This is a timeline of the events surrounding the United States-led invasion of Iraq in 2003.
Protests against a possible invasion of Iraq begin to take place around the world.
The first assaults on Baghdad begin shortly following the 01:00 UTC expiry of the United States' 48-hour deadline for Iraqi President Saddam Hussein and his sons to leave Iraq.
Oh, brave fighters! Hit your enemy with all your strength. Oh Iraqis, fight with the strength of the spirit of jihad which you carry in you and push them to the point where they cannot go on.
The Iran–Iraq War was an armed conflict between Iran and Iraq that lasted from September 1980 to August 1988. It began with the Iraqi invasion of Iran and lasted for eight years, until the acceptance of United Nations Security Council Resolution 598 by both sides. Iraq's primary rationale for the attack against Iran cited the need to prevent Ruhollah Khomeini—who had spearheaded the Iranian Revolution in 1979—from exporting the new Iranian ideology to Iraq; there were also fears among the Iraqi leadership of Saddam Hussein that Iran, a theocratic state with a population predominantly composed of Shia Muslims, would exploit sectarian tensions in Iraq by rallying Iraq's Shia majority against the Baʽathist government, which was officially secular and dominated by Sunni Muslims. Iraq also wished to replace Iran as the power player in the Persian Gulf, which was not seen as an achievable objective prior to the Islamic Revolution because of Pahlavi Iran's economic and military superiority as well as its close relationships with the United States and Israel.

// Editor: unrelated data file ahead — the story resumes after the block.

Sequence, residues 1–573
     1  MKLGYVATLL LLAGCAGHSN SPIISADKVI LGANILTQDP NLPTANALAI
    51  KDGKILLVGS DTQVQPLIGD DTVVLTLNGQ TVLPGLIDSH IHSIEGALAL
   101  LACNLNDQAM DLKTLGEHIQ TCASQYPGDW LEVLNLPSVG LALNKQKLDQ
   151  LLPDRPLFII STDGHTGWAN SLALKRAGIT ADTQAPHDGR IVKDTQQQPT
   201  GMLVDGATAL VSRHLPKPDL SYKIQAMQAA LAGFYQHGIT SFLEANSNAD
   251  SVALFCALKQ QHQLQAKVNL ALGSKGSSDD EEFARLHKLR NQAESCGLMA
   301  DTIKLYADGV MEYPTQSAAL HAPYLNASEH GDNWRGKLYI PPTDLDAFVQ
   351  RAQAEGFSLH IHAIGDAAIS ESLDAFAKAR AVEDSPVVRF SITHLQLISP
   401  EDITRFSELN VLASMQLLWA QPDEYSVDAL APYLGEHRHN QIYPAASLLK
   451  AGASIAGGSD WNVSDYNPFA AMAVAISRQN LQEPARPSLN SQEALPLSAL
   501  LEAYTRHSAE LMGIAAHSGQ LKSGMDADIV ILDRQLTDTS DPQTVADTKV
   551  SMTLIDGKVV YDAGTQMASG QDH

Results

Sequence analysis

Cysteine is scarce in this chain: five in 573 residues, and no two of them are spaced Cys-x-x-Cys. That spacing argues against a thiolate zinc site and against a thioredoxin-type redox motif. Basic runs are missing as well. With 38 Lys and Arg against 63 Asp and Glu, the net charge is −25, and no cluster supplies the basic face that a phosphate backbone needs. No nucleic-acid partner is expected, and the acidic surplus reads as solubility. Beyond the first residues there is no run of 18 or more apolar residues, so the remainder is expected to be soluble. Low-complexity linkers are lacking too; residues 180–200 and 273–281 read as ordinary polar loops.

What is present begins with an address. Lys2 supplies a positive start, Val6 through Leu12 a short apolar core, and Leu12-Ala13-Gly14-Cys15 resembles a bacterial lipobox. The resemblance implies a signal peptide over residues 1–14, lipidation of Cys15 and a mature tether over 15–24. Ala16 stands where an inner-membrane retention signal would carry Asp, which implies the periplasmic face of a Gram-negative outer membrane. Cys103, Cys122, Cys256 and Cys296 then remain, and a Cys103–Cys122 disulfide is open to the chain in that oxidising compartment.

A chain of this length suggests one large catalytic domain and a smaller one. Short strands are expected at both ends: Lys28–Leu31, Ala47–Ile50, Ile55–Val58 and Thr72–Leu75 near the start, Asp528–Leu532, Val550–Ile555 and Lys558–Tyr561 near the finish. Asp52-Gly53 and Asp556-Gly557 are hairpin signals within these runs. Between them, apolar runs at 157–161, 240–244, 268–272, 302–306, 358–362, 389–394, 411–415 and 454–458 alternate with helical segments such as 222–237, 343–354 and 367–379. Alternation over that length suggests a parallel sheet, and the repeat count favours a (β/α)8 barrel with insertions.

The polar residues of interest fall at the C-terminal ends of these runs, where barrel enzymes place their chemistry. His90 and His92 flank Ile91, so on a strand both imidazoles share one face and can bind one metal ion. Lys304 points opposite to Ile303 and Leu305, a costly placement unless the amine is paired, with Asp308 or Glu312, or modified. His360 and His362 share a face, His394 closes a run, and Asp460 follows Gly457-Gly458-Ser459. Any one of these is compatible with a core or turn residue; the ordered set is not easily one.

The Iraqi Republican Guard was a branch of the Iraqi military from 1969 to 2003, which existed primarily during the presidency of Saddam Hussein. It later became known as the Republican Guard Corps, and then the Republican Guard Forces Command (RGFC) with its expansion into two corps. The Republican Guard was disbanded in 2003 after the invasion of Iraq by a U.S.-led international coalition.
The Gulf War was an armed conflict between Iraq and a 42-country coalition led by the United States. The coalition's efforts against Iraq were carried out in two key phases: Operation Desert Shield, which marked the military buildup from August 1990 to January 1991; and Operation Desert Storm, which began with the aerial bombing campaign against Iraq on 17 January 1991 and came to a close with the American-led Liberation of Kuwait on 28 February 1991.